Doug Crossan, a police officer in the UK, reported his own son for credit card fraud after Apple refused to refund his money for in-app purchases. The idea, he says, is that this is the only chance of him getting those payments refunded by the credit card company.
His son, a 13-year-old, spent £3,700 on in-app purchases. That’s about $5,591 here in the US. That’s a lot of purchases of virtual goods. Apple refused to refund the amount, so he reported the charges as fraudulent.
The real problem, and there may be more to it than what we see on the surface, is that this kid is 13. It’s hard to believe that this is an accident. That is of course based on what we can see in the news report. I used to babysit a 7-year-old. She downloaded all kinds of free games and apps on my iPad. She always said ‘No’ to the in-app purchases. At that age, kids have less of an idea of the value of money, but she still knew that buying things with real money in-app was a no-no. If things were locked out, she simply played until she became bored then looked for another free game, deleting the old junk as she went along. I never once found odd charges on my account.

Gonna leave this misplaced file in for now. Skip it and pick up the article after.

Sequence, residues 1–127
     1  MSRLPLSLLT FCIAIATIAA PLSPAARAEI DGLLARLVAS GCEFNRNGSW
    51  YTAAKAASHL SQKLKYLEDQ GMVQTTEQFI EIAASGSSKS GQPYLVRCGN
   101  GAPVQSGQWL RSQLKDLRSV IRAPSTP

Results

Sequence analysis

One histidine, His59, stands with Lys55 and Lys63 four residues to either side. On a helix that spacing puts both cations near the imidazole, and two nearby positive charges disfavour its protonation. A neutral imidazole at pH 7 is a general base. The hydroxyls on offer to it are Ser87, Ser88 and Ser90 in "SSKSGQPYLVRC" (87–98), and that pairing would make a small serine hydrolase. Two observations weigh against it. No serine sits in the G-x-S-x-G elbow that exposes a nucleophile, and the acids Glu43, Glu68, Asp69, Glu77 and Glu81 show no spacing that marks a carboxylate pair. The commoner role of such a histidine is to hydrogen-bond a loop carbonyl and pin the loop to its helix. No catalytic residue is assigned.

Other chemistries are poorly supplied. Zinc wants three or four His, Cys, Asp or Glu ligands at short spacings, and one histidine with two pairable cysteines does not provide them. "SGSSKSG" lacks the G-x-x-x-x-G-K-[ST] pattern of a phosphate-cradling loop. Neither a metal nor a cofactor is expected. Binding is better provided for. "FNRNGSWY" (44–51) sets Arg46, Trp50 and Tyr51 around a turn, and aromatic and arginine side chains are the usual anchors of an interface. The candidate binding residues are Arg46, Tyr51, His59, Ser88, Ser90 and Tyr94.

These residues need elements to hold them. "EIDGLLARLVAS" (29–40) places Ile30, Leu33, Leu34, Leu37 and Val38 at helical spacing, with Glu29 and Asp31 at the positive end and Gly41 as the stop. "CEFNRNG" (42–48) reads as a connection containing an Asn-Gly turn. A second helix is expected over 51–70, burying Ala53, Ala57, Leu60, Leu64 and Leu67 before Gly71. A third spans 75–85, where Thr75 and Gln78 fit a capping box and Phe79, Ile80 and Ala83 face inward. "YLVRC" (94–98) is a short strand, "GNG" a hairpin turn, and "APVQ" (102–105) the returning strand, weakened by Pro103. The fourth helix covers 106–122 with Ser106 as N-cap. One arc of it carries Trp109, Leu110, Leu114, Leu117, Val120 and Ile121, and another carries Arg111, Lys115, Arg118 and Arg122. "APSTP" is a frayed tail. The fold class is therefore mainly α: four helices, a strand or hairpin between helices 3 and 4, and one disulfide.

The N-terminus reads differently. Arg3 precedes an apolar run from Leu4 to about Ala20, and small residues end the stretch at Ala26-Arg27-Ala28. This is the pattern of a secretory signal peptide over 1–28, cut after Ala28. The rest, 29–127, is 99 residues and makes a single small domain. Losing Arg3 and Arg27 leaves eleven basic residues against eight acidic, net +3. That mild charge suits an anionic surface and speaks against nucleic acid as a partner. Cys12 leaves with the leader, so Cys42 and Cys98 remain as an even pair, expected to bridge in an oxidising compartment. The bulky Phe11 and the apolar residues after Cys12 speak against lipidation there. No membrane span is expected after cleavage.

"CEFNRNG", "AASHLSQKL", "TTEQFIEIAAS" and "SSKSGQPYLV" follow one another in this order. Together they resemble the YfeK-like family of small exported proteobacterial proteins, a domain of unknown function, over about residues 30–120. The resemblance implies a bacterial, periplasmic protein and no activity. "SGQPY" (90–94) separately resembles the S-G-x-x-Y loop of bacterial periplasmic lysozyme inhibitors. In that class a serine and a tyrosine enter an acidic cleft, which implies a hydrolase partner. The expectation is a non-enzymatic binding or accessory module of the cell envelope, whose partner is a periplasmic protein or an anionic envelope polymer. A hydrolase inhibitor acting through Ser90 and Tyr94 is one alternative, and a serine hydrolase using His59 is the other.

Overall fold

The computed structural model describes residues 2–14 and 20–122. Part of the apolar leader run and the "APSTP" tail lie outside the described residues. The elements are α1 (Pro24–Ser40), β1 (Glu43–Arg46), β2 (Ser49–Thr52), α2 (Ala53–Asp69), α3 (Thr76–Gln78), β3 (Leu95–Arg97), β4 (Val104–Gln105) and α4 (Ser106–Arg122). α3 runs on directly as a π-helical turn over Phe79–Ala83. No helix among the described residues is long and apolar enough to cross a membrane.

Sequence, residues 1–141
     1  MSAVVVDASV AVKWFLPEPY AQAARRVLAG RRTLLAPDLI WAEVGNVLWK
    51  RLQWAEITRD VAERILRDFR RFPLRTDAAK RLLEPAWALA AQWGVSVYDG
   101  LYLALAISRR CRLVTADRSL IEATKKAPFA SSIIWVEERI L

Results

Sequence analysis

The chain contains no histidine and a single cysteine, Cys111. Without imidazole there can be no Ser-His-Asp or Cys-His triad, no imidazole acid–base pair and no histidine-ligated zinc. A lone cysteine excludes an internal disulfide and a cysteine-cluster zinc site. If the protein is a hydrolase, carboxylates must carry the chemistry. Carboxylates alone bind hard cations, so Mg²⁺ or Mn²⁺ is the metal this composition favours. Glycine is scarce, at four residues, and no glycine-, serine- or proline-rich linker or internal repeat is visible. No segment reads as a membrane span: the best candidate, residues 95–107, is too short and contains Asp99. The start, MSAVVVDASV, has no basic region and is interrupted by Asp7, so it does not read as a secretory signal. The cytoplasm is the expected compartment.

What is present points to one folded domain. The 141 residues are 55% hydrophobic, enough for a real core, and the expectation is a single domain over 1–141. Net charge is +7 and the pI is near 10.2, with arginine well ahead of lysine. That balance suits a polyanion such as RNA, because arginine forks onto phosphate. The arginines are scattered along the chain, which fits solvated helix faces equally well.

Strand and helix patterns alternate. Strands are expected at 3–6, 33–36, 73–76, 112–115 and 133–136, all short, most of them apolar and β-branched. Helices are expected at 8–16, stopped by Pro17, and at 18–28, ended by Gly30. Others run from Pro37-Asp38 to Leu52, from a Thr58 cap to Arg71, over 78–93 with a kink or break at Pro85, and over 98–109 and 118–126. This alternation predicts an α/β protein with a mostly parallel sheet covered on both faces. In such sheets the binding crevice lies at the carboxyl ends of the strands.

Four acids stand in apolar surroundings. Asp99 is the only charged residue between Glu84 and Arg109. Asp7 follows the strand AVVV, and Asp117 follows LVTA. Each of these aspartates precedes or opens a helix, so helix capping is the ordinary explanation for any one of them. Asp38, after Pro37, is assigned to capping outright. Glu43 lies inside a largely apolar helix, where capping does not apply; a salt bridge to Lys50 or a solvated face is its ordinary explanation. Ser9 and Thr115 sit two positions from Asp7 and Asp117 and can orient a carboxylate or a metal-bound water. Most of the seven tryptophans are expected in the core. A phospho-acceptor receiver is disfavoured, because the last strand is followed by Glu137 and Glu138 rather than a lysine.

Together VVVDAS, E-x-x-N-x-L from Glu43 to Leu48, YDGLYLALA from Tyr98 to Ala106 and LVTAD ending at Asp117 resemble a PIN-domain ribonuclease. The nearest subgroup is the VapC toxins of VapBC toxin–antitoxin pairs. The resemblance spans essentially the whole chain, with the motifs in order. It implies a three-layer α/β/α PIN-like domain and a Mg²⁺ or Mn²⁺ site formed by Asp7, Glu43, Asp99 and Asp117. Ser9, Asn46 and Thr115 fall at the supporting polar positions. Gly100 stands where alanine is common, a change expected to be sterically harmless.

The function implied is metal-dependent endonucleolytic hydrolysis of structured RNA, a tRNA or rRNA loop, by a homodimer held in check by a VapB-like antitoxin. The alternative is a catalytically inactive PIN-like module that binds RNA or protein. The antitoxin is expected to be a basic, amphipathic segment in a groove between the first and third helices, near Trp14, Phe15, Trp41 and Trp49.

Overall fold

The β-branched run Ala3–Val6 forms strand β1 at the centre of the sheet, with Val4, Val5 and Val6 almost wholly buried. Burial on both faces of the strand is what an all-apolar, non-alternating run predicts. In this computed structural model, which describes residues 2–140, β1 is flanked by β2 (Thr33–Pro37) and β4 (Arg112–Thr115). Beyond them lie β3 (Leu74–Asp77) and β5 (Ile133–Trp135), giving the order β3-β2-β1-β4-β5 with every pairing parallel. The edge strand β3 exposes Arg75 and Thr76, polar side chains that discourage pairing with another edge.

Still, Apple is trying to prevent this from happening, at least on the legal side. It has implemented App Store warnings for anything with in-app purchases.